The Altons at Doom and Bloom Medical have another good article up, this one on stab wounds. There are pictures with stab wounds on the page, so that’s a warning if you have a light stomach.
Any disaster puts your people at risk for injury. Wounds caused by sharp objects can be life-threatening, depending on the organs and blood vessels damaged.
Stab wounds are a type of penetrating trauma, which is further divided into perforating and non-perforating injuries. A perforating wound is one in which the object causing the damage goes into one side of the body and then exits through the other side. A wound from .223 or NATO .556 would, commonly, be an example of perforating trauma.
Bullets and other high-speed projectiles cause damage not only from the act of penetration, but also the shock wave produced as the bullet passes through the body. Luckily, low speed projectiles such as knives will not do this. Your concerns are related specifically to the area of entry and the structures located directly in the path of the offending instrument.
Stab wounds are an example of a non-perforating wound: the projectile causing the damage enters the body and either stays there or exits where it entered. Some sharp instruments could possibly do this, say a crossbow bolt or a spearhead, but let’s assume that you’ll be unlikely to see these.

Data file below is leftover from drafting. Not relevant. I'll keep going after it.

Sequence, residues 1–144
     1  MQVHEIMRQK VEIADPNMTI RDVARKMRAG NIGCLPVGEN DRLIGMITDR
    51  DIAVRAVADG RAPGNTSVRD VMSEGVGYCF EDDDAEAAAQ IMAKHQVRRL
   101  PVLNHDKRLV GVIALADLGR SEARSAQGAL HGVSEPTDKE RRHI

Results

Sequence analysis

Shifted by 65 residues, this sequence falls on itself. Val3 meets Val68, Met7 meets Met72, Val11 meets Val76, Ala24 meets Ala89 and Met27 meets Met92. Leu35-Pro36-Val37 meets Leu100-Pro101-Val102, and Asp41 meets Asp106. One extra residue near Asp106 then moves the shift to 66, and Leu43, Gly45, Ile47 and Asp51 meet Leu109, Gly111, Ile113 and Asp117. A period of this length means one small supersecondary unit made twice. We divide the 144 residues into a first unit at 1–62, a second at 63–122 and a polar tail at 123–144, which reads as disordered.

With stab wounds, blood loss and failure of damaged organs will be the major issue. A little about blood: Blood carries oxygen to the tissues and organs and removes waste products. It is made up of several components, including:
- Red blood cells: These cells carry oxygen to body tissues.
- White blood cells: These cells work to, among other things, fight infection and disease.
- Platelets and other clotting factors: These allow blood to coagulate and lessen blood loss.
- Plasma: A yellowish liquid in which the above are suspended.
Your immediate action upon encountering a victim of a wound with a sharp instrument may save their life. The heart takes less than one minute to pump blood to the entire body; if the circulatory system is breached, blood loss becomes life-threatening very quickly.
180 lb. (about 70 kg.) adult males have approximately 9-10 pints (about 5 liters) of blood in their body. Athletes and those living at very high altitudes may have more. You can’t afford to lose more than 40% of total blood volume without needing major resuscitation. To get an idea of how much blood this is, empty a 2 liter bottle of fruit punch or cranberry juice on the floor. You’ll be surprised at how much fluid that represents…